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Saudi Arabia Mai Yamani


form a check
point outside
the Al Rajhi
mosque in
Riyadh, Saudi




Saudi Arabia, fortified by its oil wealth,

Wahhabi ideology and blanket
American protection, finds itself drifting
in the uncharted waters of a new
Arab awakening fashioned in revolt.

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remote Kingdom guarded by robed, well-oiled royals. This desert fortress is

sustained by unlimited hydrocarbon resources, bringing fabulous wealth to
its intoxicated rulers and sedating the inhabitants. Minarets serve as
watchtowers of orthodoxy and dogma. The fortress has also remained strong
because of a protective alliance with a foreign power, the United States (US),
that chooses a romanticised vision of a kingdom that offers harmonious exchange and a
false sense of security.
But the waves of revolution, dissent and sedition are lashing against the fortresss very
foundations, deepening cracks of this political structure built on shifting sand. King Abdullah and
his thousands of royal brothers, nephews and assorted hangers-on have watched the fall of fellow
dictators, Zine El Abidine Ben Ali of Tunisia and Hosni Mubarak of Egypt. Others in their death
throes, like Muammar Al Gaddafi of Libya and Ali Abdullah Saleh in Yemen, refuse to see the
writing on the wall. The Saudi Royals younger brother King Hamad bin Isa Al Khalifah of Bahrain,
kowtowing to Saudi diktat, has now made his choice by inviting Saudi military into his troubled
land. Even the docile Jordanian monarch Abdullah II and his normally forgotten brotherly
neighbour Sultan Qaboos bin Said Al Said of Oman are floundering.
No state in the Arab world is being spared the sudden wrath of its people. The old strategic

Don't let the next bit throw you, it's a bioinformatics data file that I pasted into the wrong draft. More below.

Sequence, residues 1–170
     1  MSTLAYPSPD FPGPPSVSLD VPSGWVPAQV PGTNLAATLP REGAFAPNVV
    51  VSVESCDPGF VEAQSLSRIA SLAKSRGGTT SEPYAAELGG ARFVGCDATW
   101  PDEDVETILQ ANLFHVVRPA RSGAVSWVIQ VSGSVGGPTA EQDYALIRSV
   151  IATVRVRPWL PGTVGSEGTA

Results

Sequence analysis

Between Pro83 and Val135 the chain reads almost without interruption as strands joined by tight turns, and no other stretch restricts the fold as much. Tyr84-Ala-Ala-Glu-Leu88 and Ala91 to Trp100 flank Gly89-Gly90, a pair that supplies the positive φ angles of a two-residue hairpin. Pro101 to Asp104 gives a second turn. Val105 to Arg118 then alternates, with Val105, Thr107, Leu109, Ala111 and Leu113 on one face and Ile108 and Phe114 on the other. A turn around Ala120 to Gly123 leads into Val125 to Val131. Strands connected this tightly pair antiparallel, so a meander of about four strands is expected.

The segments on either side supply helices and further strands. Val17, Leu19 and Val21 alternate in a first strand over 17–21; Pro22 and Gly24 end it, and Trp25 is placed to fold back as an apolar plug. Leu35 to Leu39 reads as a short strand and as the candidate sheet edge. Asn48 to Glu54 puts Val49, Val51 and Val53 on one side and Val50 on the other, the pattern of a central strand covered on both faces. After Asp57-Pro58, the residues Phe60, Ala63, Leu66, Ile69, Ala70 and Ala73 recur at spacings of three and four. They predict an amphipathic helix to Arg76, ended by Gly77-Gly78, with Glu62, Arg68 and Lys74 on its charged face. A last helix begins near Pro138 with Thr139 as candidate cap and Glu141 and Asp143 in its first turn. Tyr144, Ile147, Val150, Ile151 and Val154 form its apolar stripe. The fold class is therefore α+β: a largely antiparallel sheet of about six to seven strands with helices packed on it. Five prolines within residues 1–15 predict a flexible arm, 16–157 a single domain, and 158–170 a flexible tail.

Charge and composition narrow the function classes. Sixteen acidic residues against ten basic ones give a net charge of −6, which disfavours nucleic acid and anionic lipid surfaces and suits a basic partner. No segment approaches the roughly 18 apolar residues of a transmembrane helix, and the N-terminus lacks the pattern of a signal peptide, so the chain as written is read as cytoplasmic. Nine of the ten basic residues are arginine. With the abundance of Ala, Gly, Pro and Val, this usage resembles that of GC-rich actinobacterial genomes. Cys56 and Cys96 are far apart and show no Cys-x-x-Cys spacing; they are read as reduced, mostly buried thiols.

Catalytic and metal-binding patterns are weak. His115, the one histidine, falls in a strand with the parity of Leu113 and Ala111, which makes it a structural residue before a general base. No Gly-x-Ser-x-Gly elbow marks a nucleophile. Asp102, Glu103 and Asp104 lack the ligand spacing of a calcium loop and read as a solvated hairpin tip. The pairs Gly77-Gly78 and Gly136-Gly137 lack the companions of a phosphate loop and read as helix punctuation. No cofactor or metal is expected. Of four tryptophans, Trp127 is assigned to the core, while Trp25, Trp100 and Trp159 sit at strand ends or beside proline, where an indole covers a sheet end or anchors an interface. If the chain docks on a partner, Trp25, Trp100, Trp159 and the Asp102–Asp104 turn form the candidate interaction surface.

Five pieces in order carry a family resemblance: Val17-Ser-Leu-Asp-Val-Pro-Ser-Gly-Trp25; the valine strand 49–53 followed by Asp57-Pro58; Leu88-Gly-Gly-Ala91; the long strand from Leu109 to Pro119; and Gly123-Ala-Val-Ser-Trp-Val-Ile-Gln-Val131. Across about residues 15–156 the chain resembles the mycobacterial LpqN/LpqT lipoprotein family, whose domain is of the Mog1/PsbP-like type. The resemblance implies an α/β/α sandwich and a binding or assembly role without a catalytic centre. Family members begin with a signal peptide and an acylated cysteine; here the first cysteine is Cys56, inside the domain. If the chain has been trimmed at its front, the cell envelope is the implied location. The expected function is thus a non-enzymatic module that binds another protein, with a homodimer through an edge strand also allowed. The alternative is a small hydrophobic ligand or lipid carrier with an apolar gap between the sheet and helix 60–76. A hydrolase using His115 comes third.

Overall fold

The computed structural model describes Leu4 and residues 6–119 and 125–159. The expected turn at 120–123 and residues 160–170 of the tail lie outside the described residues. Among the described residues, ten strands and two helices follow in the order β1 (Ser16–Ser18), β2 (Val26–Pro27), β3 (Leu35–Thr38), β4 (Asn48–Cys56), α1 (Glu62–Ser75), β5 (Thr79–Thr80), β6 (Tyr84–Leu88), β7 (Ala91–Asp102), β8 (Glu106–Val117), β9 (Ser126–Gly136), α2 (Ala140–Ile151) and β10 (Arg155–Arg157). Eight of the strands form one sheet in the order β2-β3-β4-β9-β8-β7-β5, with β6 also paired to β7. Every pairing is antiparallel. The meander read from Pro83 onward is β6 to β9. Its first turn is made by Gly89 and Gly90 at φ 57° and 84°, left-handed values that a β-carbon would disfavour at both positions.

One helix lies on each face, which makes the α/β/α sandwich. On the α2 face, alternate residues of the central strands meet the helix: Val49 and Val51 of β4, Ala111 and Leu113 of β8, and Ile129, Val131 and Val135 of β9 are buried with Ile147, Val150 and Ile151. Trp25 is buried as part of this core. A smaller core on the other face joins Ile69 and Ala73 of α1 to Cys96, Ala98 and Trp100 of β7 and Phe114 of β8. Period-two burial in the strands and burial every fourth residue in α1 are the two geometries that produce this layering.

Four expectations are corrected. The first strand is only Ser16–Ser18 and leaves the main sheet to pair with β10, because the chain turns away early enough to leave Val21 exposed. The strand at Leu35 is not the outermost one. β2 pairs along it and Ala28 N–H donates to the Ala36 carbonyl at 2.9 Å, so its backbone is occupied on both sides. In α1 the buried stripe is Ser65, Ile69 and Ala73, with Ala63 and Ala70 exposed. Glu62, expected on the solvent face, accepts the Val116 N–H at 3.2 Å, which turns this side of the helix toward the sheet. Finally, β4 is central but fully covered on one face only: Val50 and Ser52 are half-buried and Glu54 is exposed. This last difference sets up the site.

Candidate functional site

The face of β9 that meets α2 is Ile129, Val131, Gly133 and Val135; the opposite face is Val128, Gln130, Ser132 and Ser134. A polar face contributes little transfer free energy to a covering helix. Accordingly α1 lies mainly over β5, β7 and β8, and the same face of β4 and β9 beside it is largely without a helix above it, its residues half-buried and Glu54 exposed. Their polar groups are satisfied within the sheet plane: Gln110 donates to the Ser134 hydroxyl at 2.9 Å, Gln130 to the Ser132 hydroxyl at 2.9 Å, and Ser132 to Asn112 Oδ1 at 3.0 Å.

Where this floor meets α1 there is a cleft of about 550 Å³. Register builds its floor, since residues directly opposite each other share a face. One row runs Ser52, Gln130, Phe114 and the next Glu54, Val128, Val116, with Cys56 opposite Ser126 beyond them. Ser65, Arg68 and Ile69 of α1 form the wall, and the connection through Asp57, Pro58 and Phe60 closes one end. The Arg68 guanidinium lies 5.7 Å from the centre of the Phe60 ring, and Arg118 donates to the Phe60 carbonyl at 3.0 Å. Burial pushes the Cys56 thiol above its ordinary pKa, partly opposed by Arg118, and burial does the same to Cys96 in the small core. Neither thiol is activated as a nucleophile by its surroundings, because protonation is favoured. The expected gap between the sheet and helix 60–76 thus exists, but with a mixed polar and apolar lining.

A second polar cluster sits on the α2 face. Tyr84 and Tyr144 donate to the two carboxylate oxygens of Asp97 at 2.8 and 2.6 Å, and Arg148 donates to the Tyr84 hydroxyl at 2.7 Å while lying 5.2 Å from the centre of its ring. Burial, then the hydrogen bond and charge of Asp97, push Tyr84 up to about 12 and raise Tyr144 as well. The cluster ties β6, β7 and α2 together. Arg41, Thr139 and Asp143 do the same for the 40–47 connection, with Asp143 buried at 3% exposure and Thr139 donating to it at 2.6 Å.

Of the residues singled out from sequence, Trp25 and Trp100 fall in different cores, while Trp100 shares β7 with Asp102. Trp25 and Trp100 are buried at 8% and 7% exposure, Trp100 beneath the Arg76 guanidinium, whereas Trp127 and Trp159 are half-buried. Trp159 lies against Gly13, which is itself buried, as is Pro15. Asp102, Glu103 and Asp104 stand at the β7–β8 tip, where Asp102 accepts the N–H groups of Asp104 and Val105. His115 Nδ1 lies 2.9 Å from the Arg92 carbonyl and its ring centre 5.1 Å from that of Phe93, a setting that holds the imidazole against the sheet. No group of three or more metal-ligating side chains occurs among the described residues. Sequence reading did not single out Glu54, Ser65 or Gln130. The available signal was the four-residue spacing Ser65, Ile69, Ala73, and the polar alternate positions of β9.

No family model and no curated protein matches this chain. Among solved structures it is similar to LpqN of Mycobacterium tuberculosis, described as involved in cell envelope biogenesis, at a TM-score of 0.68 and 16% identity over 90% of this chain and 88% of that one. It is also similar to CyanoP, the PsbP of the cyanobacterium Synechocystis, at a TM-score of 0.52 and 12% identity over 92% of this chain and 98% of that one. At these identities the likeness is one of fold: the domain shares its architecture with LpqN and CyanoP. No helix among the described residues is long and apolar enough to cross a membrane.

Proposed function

criteria of dividing the region on the basis of oil versus non-oil states, or of alliances with the United
States, now fails to hold water. There are no longer any guarantees, with or without American
support, for protecting regional rulers from the legitimate demands of their people. The people have
made common cause, rising from years of misrule and repression, through the use of new
technologies in new media adopted by young people. The demographics of the population are
simply too lopsided in favour of younger generations versus the old ruling oligarchy. All these factors
are plentiful in the Kingdom of Saudi Arabia: a youthful majority, an abundance of computers, and
deepening social and political resentments and alienation.
The Saudi Kingdom contains within its fortress walls a deeper rot: an arbitrary coercive and
corrupt system that denies its subjects its fundamental political rights and social justice. The Saudi
royals do not even grasp what it is that their people are demanding. Facebook, YouTube and Twitter
have all helped bring down the walls of opacity. The seventy percent of the Kingdoms population
who are under the age of thirty are predominantly Internet savvy.
They are asking for the creation of a constitutional monarchy, parliamentary elections, the
release of thousands of political prisoners being held without trial or representation, an end to the
endemic and massive royal corruption, reform of the judiciary and the minimising of perks and
privileges afforded the 22,000 members of the House of Saud, as well as meeting demands to
curtail the influence of the religious establishment.
Talk of a Day of Rage scheduled for March 11 captured the worlds attention. To stop the
increasingly corrosive developments, the Saudi state has equipped itself with the biggest carrot and
largest stick in the Arab world. The carrot comprises the kings promise of 37 billion dollars to his
countrys agitated younger generations a fifteen percent pay raise for government employees, aid